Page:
Head Start Participation Has Positive Impact on Childhood Obesity A University of Michigan study looked at body mass index associated with Head Start participation. The findings show that kids who participate in Head Start tend to have a healthier weight by kindergarten than similarly aged kids not in the program. In their first year in Head Start, obese and overweight kids lost weight faster than two comparison groups of children who weren’t in the program, researchers found. Similarly, underweight kids gained weight faster. Because almost one-quarter of all U.S. preschool-aged children are overweight or obese, and obesity in childhood often continues into adulthood, experts worry about future health problems in overweight children.”Participating in Head Start may be an effective and broad-reaching strategy for preventing and treating obesity in United States preschoolers,” said lead researcher Dr. Julie Lumeng, an associate professor at the University of Michigan Center for Human Growth and Development. Read about the study here.
A Steady Steam of Talking to Babies Is Even Better for Them Than Reading Does reading to infants benefit their cognitive development at 9-months-old? Results of an Irish study recently published in the journal Language Teaching and Therapy highlights the potential of reading and talking to infants, not just for language and literacy development but also for other aspects of cognitive development. Read more about the study in this NYMag article or you can access the full study here.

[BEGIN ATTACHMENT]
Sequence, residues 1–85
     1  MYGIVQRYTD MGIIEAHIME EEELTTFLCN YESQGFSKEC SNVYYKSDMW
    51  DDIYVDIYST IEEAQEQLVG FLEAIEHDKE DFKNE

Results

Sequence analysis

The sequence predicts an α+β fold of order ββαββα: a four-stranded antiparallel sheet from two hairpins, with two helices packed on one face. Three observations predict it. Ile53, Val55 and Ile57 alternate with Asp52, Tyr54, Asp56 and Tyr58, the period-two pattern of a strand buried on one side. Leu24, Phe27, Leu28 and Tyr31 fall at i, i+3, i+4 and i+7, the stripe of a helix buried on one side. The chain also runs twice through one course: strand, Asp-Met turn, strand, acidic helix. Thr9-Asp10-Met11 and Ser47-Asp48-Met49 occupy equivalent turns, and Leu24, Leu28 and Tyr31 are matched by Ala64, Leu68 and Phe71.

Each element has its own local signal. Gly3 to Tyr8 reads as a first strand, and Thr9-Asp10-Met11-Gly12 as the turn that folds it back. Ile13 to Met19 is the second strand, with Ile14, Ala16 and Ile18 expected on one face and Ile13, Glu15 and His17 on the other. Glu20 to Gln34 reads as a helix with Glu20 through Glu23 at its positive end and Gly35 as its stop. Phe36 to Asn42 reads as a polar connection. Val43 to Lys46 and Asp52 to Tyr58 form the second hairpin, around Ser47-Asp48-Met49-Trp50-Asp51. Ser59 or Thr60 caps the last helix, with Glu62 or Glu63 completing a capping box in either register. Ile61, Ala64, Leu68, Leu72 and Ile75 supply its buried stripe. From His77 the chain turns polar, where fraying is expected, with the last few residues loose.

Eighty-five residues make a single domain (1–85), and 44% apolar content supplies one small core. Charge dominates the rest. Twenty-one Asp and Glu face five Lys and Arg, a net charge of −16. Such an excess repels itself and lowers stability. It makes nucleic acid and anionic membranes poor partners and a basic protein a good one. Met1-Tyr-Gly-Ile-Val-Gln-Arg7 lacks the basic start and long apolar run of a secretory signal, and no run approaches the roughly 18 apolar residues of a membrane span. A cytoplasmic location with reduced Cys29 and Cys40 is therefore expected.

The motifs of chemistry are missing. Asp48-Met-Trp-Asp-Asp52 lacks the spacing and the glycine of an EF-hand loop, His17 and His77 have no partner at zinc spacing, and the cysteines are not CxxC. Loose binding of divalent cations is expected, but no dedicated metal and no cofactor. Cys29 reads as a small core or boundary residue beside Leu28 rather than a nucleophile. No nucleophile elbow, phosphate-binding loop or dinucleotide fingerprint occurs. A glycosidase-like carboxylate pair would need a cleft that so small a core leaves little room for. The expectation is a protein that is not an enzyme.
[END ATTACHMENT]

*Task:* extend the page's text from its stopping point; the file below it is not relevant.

Listening to Speech Helps Form a Baby’s Foundation for Subsequent Learning In an article titled Listen Up! Speech Is for Thinking During Infancy, to be published in Trends in Cognitive Sciences, Northwestern University psychologist Sandra Waxman and New York University’s Athena Vouloumanos asess the impact of human speech on infant cognition in the first year of life. “It’s not because [children] have low vocabularies that they fail to achieve later on. That’s far too simple,” said Waxman, the Louis W. Menk Chair in Psychology, a professor of cognitive psychology and a fellow in the University’s Institute for Policy Research. “The vocabulary of a child — raised in poverty or in plenty — is really an index of the larger context in which language participates.” Consequently, Vouloumanos advocates speaking to infants, not only “because it will teach them more words,” she said, but because “listening to speech promotes the babies’ acquisition of the fundamental cognitive and social psychological capacities that form the foundation for subsequent learning.” Read more here.